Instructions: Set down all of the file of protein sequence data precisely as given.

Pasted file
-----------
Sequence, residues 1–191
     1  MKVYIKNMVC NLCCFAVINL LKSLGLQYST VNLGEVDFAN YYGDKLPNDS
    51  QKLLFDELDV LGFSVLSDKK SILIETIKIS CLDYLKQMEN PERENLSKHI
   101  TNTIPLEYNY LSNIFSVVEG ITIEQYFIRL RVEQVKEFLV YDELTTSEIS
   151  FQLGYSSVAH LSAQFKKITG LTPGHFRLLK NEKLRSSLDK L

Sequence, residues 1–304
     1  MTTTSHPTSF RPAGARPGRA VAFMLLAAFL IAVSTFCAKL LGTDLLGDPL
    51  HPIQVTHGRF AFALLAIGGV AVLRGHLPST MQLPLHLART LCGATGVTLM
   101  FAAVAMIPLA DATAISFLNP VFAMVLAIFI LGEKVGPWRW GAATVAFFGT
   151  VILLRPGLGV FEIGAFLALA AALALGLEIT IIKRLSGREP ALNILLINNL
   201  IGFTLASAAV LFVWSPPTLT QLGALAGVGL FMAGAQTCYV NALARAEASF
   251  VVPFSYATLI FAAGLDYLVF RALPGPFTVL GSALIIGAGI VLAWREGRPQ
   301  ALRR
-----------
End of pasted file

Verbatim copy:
Sequence, residues 1–191
     1  MKVYIKNMVC NLCCFAVINL LKSLGLQYST VNLGEVDFAN YYGDKLPNDS
    51  QKLLFDELDV LGFSVLSDKK SILIETIKIS CLDYLKQMEN PERENLSKHI
   101  TNTIPLEYNY LSNIFSVVEG ITIEQYFIRL RVEQVKEFLV YDELTTSEIS
   151  FQLGYSSVAH LSAQFKKITG LTPGHFRLLK NEKLRSSLDK L

Sequence, residues 1–304
     1  MTTTSHPTSF RPAGARPGRA VAFMLLAAFL IAVSTFCAKL LGTDLLGDPL
    51  HPIQVTHGRF AFALLAIGGV AVLRGHLPST MQLPLHLART LCGATGVTLM
   101  FAAVAMIPLA DATAISFLNP VFAMVLAIFI LGEKVGPWRW GAATVAFFGT
   151  VILLRPGLGV FEIGAFLALA AALALGLEIT IIKRLSGREP ALNILLINNL
   201  IGFTLASAAV LFVWSPPTLT QLGALAGVGL FMAGAQTCYV NALARAEASF
   251  VVPFSYATLI FAAGLDYLVF RALPGPFTVL GSALIIGAGI VLAWREGRPQ
   301  ALRR